By: Will Burchfield

Tigers manager Brad Ausmus snapped in his post-game press conference on Sunday when asked if he considered replacing right fielder Nicholas Castellanos in the ninth inning to protect Matthew Boyd’s no-hitter.

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Boyd lost his chance at history when Tim Anderson socked a two-out line drive that sailed over Castellanos’ head. Castellanos only began playing right field this month.

“The guy threw a no-hitter through 8 and 2/3 and your first question is, ‘Why didn’t I defend for Nick?’ This is asinine. Stop with the negative (questions). The guy had a great day. No one catches that ball. It’s a bad question. I’m not even going to go there. Nobody catches that ball,” Ausmus said.

True as that may be, Ausmus had speedy outfielder Alex Presley on the bench. Did he even consider a defensive substitution for Castellanos?

“No,” Ausmus said.

Why not?

“Because Nick’s been out there all day,” he replied. “Should I have taken him out earlier? It’s a dumb question.”

When Castellanos was still the Tigers’ third baseman, Ausmus often replaced him with the defensively-sound Andrew Romine when the team was holding a slim lead in the ninth inning.

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To win a game,” the manager explained. “We had a 12-run lead (today), I’m not defending for Nick there. It’s a dumb question, it’s a bad question. It just shows you the negativity that sometimes comes into this room after games. You immediately look to blame or point a finger at somebody because it didn’t work out the way you want it to work out.”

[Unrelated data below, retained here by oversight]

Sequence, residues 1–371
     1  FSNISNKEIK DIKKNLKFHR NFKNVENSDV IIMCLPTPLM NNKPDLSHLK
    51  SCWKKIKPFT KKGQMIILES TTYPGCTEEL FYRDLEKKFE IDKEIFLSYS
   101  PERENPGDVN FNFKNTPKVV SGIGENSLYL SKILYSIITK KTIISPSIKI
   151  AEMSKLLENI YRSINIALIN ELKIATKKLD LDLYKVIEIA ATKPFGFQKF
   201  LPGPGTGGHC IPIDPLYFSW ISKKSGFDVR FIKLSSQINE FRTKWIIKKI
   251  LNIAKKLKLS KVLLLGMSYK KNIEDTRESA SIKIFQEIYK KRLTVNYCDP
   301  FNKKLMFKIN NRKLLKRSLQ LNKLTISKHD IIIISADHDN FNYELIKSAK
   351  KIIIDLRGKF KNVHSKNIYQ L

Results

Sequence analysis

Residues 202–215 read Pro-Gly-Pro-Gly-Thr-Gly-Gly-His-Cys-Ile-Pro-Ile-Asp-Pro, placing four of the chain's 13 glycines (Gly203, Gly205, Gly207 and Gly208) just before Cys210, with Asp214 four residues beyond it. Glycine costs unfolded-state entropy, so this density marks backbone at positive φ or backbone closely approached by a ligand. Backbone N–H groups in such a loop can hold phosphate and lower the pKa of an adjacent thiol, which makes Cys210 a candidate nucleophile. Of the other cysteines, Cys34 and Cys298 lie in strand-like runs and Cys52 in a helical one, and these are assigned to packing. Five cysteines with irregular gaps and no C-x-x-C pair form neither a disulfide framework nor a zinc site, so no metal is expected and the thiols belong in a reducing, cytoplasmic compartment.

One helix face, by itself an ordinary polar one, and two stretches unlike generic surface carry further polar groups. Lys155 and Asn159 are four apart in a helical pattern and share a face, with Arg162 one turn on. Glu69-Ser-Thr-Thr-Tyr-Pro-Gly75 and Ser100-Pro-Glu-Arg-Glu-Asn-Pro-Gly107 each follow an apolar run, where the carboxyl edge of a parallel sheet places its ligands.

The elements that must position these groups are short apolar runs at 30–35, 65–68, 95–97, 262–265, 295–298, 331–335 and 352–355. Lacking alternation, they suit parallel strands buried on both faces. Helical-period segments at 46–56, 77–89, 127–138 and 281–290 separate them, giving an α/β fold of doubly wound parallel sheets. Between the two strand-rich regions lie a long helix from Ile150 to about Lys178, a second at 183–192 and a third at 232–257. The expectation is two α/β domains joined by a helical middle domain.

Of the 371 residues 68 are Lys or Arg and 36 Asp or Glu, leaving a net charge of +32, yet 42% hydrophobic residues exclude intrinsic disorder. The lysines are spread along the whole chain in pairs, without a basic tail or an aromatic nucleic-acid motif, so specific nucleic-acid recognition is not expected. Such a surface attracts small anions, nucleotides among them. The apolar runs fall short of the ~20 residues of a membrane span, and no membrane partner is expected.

When another reporter said he would have asked the question had no one else, Ausmus reiterated, “Well, it’s a dumb question.”

“You know why it’s a bad question?” he went on. “Two reasons. One, nobody catches the ball. And two, if the ball isn’t hit there, nobody asks it.”

The question was asked after the television cameras had left Ausmus’ office, so it wasn’t actually the first question he faced. But he said he knew it was coming, and he was certainly prepared to fire back.

“What’s pathetic is, before you guys even got here I knew that was going to be the first question, which says something about the media more than anything else,” Ausmus said. “We should be celebrating a guy’s outing.”

Boyd, 26, would have become the first left-hander to throw a no-hitter in Tigers’ history. But the scorching-hot Anderson denied him at the death.

“Off the bat I knew he hit it hard, and my first instinct was, ‘Ahh, I left it up,’ Boyd said. “But he struck it well, man, and he hit it to a big part of the park. Beat him on that pitch earlier in the day and he was ready for it that time.”

Boyd said the 2-0 changeup was the pitch he wanted.

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“It was down and away. Executed my pitch. He hit it, man,” said Boyd. “Hats off to him.”